Sure, we hate it when the celebrities we love die. But some of us (if not most of us, or even all of us) like the comforting feeling we get when we come across the year-end tributes on TV that showcase the legends we lost in the previous year.
Watching a preview DVD of tonight's annual "Kennedy Center Honors" on CBS made me think about other shows that remain stubbornly the same, despite the many ways TV has evolved since they came on the scene. Here are some of TV's retro favorites.
For the new year to be truly "new," let's see if we can shed some of the ideas and trends in TV in 2015 by declaring some of them to be passe, or close to it.
"The Comeback" has been reported to be the lowest-rated comedy series in the history of HBO, so it stands to reason that relatively few people will make it a point to watch the one-hour season finale of this show on Sunday, Dec. 28 on HBO. That's too bad, because they will miss something special. I know this because I've seen the show, thanks to HBO, which took the unusual step of providing this finale episode to TV columnists in advance of its air date -- something HBO rarely does for finales.
In the hours preceding the midnight masses, Christmas Eve is anything but a "silent night" on TV. This year, the prime-time schedules on the four networks seem to represent an ambivalence about the onset of Christmas. Or perhaps their schedules merely reflect the fact that they don't expect many people to watch anyway, so why try? Let's take a look at what's on TV Christmas Eve, network by network, to see if we can learn anything about how the networks view Christmas.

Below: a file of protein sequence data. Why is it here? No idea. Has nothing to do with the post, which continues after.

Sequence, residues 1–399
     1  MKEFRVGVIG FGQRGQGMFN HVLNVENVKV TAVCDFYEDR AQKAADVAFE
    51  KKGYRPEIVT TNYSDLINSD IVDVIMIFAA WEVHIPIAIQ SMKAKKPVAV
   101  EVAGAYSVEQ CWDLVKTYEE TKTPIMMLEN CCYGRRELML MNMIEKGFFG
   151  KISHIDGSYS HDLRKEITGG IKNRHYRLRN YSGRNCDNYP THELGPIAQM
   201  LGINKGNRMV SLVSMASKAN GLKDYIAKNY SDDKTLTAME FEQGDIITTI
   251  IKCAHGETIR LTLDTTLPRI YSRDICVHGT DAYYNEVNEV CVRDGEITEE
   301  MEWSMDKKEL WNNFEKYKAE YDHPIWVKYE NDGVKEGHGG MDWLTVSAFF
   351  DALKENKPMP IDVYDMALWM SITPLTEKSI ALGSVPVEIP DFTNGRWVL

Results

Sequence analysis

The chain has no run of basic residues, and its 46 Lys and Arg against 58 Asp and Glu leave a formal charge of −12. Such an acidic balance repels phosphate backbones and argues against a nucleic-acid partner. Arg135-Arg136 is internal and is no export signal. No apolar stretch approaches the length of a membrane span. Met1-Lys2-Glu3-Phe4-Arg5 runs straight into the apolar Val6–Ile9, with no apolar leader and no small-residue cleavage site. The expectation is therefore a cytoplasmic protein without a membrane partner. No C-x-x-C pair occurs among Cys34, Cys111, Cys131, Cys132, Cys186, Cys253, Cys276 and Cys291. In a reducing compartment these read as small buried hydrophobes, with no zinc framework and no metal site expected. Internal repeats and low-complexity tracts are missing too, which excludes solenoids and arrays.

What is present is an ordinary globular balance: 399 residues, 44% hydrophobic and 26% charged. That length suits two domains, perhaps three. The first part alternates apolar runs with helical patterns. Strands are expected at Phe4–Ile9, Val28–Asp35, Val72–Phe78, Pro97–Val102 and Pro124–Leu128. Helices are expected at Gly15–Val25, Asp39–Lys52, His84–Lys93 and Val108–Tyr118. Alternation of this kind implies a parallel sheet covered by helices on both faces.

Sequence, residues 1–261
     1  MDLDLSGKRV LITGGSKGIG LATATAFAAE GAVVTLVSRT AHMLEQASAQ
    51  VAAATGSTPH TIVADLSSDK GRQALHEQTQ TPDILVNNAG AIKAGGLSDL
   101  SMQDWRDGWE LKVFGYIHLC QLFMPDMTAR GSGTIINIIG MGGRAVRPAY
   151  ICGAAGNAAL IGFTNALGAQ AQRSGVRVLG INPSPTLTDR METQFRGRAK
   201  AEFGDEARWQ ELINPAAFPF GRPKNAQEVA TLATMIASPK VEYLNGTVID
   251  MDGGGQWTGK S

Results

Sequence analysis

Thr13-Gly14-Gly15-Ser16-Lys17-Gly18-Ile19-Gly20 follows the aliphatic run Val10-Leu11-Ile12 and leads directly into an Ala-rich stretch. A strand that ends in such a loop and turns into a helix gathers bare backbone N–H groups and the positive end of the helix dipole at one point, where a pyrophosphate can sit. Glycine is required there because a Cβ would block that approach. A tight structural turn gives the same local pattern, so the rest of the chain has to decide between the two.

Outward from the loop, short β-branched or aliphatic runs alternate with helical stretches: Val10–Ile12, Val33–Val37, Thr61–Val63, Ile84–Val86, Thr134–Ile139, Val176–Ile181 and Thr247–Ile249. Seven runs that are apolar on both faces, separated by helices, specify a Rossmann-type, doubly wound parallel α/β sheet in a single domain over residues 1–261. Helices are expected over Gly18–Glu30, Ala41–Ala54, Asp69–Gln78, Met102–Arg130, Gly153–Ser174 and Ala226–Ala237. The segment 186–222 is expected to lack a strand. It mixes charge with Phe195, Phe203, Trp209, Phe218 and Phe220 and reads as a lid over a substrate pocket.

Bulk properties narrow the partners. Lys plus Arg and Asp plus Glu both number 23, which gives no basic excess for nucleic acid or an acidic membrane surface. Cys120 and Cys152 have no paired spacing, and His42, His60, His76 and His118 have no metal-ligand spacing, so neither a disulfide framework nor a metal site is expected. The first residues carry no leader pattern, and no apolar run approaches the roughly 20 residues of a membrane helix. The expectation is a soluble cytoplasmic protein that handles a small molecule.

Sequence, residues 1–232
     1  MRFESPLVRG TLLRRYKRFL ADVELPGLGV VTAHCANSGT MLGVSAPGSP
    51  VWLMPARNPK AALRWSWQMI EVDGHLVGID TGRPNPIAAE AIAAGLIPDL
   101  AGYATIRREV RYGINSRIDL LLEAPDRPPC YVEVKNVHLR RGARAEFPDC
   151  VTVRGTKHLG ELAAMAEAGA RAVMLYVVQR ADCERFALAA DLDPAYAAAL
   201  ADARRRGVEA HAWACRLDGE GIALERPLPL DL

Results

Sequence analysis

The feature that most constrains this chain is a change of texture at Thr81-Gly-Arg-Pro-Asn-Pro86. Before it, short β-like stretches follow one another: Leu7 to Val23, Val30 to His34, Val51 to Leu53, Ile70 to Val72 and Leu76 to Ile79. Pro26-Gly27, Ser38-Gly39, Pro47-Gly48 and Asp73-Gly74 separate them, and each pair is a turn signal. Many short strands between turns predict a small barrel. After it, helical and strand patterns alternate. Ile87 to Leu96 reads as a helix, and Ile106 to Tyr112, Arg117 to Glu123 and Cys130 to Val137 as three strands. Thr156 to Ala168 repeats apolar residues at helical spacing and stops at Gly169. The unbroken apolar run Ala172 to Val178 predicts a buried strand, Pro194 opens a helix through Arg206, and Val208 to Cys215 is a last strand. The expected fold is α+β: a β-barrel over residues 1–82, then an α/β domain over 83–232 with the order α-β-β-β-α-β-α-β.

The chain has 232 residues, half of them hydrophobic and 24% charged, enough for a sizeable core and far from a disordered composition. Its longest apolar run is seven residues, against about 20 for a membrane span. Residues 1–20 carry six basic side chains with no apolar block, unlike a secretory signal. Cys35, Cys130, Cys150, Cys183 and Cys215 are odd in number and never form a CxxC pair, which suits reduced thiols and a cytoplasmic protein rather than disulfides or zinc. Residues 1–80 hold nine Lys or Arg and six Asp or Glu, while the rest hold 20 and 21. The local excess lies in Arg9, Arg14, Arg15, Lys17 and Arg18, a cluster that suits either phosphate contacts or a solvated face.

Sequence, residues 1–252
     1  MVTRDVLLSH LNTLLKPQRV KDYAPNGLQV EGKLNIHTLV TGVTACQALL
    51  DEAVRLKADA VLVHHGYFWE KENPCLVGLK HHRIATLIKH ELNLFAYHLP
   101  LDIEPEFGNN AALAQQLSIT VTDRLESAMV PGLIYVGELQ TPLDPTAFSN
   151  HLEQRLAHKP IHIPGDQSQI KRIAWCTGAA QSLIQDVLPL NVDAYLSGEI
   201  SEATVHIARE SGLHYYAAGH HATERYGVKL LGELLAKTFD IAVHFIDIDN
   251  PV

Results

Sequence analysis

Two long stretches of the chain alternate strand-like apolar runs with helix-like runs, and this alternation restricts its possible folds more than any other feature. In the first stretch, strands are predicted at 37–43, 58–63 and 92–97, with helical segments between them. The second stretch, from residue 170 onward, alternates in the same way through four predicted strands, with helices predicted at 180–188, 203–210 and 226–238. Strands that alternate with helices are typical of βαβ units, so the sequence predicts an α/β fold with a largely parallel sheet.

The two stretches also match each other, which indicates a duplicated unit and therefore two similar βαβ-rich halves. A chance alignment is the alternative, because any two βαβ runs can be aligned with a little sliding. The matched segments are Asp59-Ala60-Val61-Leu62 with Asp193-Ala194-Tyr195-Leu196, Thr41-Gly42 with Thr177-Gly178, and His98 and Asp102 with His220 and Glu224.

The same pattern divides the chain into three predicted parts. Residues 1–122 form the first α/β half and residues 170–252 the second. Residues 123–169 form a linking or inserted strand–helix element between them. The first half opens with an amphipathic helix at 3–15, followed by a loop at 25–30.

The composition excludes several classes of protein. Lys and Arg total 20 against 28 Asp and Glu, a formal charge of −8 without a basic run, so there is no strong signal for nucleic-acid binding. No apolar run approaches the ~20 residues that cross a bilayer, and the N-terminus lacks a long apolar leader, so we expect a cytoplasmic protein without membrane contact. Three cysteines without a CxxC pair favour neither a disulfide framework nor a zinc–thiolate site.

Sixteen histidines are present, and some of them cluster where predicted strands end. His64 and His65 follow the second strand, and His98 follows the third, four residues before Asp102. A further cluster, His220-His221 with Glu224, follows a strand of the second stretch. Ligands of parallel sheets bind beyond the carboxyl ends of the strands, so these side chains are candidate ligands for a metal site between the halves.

The "Today" show suddenly dropped a planned interview segment with Adams because, the reports say, she or her press rep made it known to the show's producers that Adams would rather not be asked questions about the Sony computer-hacking scandal. Adams apparently wanted the interview to adhere strictly to her new movie called "Big Eyes," coming out on Christmas Day. But the "Today" show wanted to ask her what she thought of the hacking mess.
Craig Ferguson went out with a bang Friday night with a show-stopping musical number that managed to top the week's other late-night finale seen just one night earlier -- Stephen Colbert's farewell to "The Colbert Report" on Comedy Central. Ferguson and his producers shrewdly used this lavishly produced farewell performance to open the final edition of Ferguson's "Late Late Show" on CBS. It set the stage for a Ferguson finale that was everything a farewell late-night show should be -- sentimental (but not too much), entertaining and creative.
Stephen Colbert said farewell to "The Colbert Report" last night with old-fashioned, over-the-top showmanship. The centerpiece of Colbert's final "Report" was an elaborate performance featuring literally scores of celebrities and former guests all singing "We'll Meet Again," a song from 1939 that became one of the iconic sentimental favorites of World War II. This clip is really a must-see piece of video.
The tragedies and travails of some of our most iconic comedians were among the top stories in TV and all of entertainment in 2014. Robin Williams shocked us all by committing suicide, Joan Rivers died apparently from a botched medical procedure, and Bill Cosby became embroiled in an ugly sex scandal.
As some TV columnists have already observed, peace seems to have broken out in the late-night wars -- so much so that at least superficially, you can't even call them wars anymore. Behind the scenes, however, I'm sure there is still a war -- for guests, for sponsors, for viewers, for money. On the surface, however, late-night TV has become so lovey-dovey that it has become unrecognizable.